Further information on keynote speakers, presenters, registration and contact information is available at: www.creativityandcognition.com/engage06

ENGAGE is the 3rd annual symposium organised by the Creativity and Cognition Studios at the University of Technology, Sydney. Sponsorship is care of the Australasian CRC for Interaction Design (ACID), creating new forms of human interaction with emerging content technology; and the Australian Network for Art and Technology (ANAT), Australia's peak network and advocacy body for media arts.

Volunteers are needed for up to 4 hours per day before and during the conference in return for free attendance and morning/afternoon tea. Please contact Symposium Manager Deborah Turnbull on +61 2 9514 2384 or deboraht@it.uts.edu.au if you are interested.

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Originally posted on Rhizome.org Raw by Rhizome


Translations: Misguided Machines and Cultural Loops -- Opening Sat. Nov. 4, 6-8PM

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Christiane Paul:

Translations: Misguided Machines and Cultural Loops
Selected work Digital+Media students @ Rhode Island School of Design
http://digitalmedia.risd.edu
Curated by Christiane Paul

Emergence @ Duo Theater
62 East 4th Street
New York, NY 10003
212-598-4320
http://www.duotheater.org

November 4 - 25, 2006
Opening hours: Thurs. - Sat. 1PM - 6PM
Opening Reception: Nov. 4, 6-8PM

Translations -- a selection of works by Digital+Media students at the Rhode Island School of Design -- brings together three groups of projects that reference a process of "translation," be it in the sense of processes mediated by machines, systems of transcription, or communication between cultures.

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Read through for description and full list of projects included in this exhibition..

Originally posted on Rhizome.org Raw by Christiane Paul


Autumnal Gusts Blow in Networked Collaboration

(0)

As the weather outside becomes a bit more nippy, this moment of seasonal change proves ripe for collaboration over the wires (i.e. from a nice indoor space). This was, in part, the inspiration for a new online, networked performance by UK artists Patrick Simons and Kate Southworth (of Glorious Ninth) and their collaborators Ruth Catlow and Marc Garrett (of Furtherfield). Documentation of their piece, which employed peer-to-peer instant messaging software and audio/visual exchange, via webcam, will launch exactly nine minutes and forty-one seconds before midnight (at 23:51:19 GMT, as determined by the length of the piece), on 31st October 2006. The performance consisted of a braiding together of spontaneous and premeditated actions, such as reading from texts, listening, and improvised speech. The result was a product informed by the risk of dissolution, a competition between voices, and an unrehearsed collective construction of tempo and rhythm. The artists invite online viewers to 'join us as we cast out the stale air of the fading summer and move together into winter. Celebrating Halloween and the changing of the season, we come together online to exchange our collected thoughts across the Internet whilst each eating garlic cloves.' Thankfully breath has yet to be transmitted online. - Elizabeth Johnston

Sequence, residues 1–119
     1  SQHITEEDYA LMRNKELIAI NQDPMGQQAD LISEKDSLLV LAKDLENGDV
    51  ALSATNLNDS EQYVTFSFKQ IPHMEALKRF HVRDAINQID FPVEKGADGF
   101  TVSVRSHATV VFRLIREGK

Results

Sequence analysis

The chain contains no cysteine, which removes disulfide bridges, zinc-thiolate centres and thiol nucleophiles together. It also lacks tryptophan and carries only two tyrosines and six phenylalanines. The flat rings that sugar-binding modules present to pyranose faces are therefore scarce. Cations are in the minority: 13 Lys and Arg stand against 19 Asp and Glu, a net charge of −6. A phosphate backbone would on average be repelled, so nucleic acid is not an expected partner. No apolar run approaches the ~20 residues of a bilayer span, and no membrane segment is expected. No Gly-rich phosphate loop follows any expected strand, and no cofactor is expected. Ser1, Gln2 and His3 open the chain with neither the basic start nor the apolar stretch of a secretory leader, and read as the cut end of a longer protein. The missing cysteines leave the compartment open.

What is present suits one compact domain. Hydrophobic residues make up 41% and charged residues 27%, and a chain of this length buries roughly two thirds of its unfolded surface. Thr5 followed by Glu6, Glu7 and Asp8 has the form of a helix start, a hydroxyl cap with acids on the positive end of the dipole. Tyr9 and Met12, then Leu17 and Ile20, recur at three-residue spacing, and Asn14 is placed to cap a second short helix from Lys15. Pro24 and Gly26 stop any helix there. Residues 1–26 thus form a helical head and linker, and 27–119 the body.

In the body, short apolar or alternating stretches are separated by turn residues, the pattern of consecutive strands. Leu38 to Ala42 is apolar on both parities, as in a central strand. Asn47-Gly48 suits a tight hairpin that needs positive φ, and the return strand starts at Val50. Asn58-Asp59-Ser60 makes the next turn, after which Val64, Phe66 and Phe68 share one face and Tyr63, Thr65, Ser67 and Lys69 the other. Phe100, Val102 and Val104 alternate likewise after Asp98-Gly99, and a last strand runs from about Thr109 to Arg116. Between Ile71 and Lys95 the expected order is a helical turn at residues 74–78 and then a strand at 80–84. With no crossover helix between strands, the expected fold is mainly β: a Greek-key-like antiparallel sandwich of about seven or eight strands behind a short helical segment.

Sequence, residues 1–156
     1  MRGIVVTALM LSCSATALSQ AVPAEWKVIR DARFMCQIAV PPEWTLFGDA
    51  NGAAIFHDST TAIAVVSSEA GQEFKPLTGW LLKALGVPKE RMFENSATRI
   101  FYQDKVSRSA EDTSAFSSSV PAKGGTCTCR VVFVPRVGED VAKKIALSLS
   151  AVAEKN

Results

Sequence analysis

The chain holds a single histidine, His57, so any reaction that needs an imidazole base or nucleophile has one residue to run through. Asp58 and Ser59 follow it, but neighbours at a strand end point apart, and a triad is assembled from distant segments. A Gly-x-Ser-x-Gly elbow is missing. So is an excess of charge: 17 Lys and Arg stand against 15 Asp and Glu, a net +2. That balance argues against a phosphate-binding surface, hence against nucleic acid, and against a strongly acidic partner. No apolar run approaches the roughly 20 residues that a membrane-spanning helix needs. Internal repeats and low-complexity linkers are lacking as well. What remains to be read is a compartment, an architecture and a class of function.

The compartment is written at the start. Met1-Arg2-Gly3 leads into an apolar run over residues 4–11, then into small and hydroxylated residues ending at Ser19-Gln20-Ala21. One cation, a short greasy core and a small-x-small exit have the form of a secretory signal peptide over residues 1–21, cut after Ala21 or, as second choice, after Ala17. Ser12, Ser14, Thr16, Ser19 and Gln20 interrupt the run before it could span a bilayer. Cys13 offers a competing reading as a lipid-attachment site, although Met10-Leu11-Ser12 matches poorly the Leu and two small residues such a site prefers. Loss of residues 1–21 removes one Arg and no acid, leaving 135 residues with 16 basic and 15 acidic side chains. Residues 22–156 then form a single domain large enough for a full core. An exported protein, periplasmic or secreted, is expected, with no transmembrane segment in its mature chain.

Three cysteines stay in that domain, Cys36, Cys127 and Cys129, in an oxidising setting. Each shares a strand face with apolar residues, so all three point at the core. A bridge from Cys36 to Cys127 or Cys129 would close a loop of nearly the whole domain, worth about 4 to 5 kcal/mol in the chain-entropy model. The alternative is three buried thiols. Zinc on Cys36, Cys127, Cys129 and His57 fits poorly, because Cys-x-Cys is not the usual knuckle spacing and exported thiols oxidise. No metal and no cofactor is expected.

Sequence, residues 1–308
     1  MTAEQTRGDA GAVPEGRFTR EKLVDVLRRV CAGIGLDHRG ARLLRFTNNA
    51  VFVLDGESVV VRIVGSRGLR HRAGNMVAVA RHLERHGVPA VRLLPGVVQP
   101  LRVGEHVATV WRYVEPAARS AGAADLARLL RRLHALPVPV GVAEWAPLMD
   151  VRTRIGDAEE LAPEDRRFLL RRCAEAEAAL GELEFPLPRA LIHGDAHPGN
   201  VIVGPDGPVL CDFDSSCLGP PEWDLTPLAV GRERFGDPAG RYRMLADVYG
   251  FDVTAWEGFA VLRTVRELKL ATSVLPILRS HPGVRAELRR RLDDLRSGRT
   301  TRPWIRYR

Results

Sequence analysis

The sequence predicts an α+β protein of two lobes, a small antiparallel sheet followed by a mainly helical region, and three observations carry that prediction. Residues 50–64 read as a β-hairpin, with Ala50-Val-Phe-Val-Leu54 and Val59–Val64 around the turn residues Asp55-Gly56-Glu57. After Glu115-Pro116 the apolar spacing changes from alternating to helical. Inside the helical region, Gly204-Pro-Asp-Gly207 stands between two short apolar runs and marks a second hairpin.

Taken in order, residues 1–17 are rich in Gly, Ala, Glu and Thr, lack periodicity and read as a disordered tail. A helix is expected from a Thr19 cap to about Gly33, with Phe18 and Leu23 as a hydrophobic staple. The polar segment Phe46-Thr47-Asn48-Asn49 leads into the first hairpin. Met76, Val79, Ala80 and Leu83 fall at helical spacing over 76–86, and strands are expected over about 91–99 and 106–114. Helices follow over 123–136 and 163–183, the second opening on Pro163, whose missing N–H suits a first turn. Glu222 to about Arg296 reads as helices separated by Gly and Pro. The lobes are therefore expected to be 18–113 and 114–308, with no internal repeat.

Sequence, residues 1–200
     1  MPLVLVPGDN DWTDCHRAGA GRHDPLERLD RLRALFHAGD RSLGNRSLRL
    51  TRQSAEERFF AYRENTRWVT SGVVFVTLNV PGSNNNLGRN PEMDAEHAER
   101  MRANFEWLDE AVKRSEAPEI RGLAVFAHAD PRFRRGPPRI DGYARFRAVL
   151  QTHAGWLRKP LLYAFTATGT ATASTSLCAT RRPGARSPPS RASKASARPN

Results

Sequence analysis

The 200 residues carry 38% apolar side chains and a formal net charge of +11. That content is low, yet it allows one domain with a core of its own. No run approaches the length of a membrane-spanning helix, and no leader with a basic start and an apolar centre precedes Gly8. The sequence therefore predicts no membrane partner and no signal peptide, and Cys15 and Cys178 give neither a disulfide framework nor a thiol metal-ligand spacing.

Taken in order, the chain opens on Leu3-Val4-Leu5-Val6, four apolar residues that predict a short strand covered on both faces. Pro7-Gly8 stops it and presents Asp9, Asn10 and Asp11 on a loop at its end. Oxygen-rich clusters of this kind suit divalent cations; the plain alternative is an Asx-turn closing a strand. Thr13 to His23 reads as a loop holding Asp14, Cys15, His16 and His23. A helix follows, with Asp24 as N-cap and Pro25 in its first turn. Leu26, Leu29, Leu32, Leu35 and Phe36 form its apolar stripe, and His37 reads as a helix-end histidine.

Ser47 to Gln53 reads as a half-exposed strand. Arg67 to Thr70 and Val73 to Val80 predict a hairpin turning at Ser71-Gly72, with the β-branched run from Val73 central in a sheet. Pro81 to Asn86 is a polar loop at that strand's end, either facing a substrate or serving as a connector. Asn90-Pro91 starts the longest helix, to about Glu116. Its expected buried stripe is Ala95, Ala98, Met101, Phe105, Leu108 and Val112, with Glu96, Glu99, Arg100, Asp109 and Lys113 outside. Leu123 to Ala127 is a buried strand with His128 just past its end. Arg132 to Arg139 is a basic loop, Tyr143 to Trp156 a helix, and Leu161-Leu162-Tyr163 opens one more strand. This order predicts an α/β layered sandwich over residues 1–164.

http://november.gloriousninth.net

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Originally posted on Rhizome.org: Rhizome News by Rhizome